There have been other changes through the years. As he aged, Mickey graduated to long pants. They gave him a shirt. Once spidery, his limbs thickened and his body assumed a pear shape. His eyes, formerly dots, were given lids. In the new series he’ll have eyebrows.
Mickey wasn’t Disney’s first love. The first was a cat. The second was a rabbit named Oswald. But Walt wasn’t quite satisfied. He wanted to make improvements and when the company he worked for said no, he launched his own business.
The first two mouse cartoons didn’t make much of a splash. The industry was being turned topsy-turvy by a new element—sound. Walt took his third Mickey to New York and had it synchronized for sound. They premiered Steamboat Willie at the old Colony Theater in New York in 1928 and the mouse was famous.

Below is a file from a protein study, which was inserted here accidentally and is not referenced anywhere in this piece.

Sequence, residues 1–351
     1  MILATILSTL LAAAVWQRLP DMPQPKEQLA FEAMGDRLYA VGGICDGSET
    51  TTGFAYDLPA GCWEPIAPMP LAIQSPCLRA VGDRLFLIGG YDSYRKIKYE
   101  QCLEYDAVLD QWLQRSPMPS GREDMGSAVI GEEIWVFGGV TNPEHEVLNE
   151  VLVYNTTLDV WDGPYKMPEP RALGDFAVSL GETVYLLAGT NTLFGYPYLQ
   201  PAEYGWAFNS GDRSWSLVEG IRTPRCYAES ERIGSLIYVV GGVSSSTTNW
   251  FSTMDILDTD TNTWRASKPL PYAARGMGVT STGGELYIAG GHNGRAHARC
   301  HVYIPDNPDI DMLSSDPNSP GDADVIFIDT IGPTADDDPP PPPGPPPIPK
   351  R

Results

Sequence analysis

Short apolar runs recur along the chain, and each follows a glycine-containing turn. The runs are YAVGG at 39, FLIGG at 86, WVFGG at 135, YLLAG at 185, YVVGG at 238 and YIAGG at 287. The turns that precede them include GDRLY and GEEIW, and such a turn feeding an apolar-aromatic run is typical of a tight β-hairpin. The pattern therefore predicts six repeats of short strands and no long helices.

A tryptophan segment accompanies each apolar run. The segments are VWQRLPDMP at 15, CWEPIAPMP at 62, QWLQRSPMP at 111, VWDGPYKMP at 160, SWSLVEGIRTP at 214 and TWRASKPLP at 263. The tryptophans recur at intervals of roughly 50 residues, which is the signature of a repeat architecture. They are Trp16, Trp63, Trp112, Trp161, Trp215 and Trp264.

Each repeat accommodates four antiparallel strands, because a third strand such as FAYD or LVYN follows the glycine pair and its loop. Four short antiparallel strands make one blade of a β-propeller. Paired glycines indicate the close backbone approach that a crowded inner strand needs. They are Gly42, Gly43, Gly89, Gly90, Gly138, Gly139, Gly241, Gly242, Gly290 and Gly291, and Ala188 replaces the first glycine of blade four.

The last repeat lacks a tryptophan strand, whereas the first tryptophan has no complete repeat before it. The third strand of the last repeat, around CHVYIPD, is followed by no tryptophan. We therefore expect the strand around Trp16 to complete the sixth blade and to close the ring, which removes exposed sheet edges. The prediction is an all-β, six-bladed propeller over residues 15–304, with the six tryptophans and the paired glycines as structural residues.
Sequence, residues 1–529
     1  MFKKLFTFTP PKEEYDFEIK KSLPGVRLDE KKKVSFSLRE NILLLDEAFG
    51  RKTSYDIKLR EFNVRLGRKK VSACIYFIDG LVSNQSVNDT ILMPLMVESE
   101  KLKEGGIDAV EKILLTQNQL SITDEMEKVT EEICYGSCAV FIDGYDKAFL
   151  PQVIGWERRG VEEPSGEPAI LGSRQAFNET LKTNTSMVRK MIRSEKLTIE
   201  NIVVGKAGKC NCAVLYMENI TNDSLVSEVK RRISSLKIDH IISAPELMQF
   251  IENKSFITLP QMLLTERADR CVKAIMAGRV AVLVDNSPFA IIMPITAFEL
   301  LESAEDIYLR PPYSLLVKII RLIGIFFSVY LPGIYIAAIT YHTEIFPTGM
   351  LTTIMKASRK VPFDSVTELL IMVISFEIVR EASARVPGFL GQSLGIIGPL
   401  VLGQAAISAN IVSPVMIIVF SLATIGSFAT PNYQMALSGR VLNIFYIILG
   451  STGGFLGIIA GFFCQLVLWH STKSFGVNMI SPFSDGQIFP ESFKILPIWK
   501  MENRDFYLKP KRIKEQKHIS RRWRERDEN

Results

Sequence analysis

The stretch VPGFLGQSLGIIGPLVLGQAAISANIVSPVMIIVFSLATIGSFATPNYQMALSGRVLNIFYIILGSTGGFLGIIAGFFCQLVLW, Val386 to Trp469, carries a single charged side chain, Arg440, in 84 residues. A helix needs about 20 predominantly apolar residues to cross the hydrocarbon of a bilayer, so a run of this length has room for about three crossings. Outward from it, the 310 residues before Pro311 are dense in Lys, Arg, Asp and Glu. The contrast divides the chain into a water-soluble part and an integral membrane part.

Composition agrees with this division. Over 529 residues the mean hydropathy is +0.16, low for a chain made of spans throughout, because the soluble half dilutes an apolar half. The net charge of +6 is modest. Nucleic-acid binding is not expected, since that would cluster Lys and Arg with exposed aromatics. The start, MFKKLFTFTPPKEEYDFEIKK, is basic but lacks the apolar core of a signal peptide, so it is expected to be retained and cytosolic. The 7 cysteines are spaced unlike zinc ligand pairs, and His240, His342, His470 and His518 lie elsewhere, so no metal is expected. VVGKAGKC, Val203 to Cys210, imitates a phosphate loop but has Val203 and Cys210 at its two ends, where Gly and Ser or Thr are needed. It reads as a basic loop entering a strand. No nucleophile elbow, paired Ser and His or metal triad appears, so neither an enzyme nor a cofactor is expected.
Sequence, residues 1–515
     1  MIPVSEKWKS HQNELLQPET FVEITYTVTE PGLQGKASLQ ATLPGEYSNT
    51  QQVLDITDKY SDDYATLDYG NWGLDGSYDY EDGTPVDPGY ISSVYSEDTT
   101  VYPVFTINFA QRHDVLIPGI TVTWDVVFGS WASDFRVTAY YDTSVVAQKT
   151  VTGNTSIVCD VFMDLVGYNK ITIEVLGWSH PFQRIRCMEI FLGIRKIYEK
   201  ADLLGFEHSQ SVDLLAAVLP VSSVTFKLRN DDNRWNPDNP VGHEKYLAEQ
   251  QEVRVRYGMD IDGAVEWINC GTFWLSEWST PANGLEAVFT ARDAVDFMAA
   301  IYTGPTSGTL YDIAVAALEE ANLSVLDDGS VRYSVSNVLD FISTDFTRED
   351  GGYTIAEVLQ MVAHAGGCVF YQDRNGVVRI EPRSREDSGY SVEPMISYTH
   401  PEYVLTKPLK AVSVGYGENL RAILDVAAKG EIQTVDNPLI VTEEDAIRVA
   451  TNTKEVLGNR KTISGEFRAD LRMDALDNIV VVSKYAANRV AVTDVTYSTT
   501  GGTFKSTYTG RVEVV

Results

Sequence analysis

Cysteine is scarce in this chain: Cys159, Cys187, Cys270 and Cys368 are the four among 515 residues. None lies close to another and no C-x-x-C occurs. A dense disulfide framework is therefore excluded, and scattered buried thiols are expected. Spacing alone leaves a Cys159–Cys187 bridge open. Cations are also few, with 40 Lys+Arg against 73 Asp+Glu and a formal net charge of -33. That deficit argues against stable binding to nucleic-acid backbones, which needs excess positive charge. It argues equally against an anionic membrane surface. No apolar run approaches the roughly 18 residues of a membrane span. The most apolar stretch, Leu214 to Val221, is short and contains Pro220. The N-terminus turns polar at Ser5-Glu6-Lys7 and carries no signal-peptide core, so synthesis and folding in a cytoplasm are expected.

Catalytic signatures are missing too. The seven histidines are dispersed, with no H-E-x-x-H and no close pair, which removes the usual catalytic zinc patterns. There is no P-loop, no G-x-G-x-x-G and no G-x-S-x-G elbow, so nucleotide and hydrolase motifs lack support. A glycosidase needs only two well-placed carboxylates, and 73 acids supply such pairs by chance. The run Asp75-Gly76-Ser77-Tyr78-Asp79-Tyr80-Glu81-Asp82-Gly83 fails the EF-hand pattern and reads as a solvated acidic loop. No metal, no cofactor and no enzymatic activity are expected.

There never was a more versatile fellow than Mickey. He’s been a tailor, a steam shovel operator, fire chief, cop, musician, magician, inventor, football hero, polo player, farmer, whaler, tourist, hula dancer, scientist and gas station attendant.
He's been around the world—to Argentina, Alaska, Africa, the Alps, Arabia, Brazil, even to Gulliver’s mythical Lilliput. Once he got going there was no stopping him.
His piping voice was translated into ten foreign languages. He had fan clubs in 50 countries. His likeness was given a choice spot in Mme. Tussaud’s waxworks in London. He got into the Encyclopedia Brittanica and got Disney into Who’s Who. He won Disney an Academy Award and countless other accolades. And his face appeared on armed forces insignes and on hundreds of commercial products.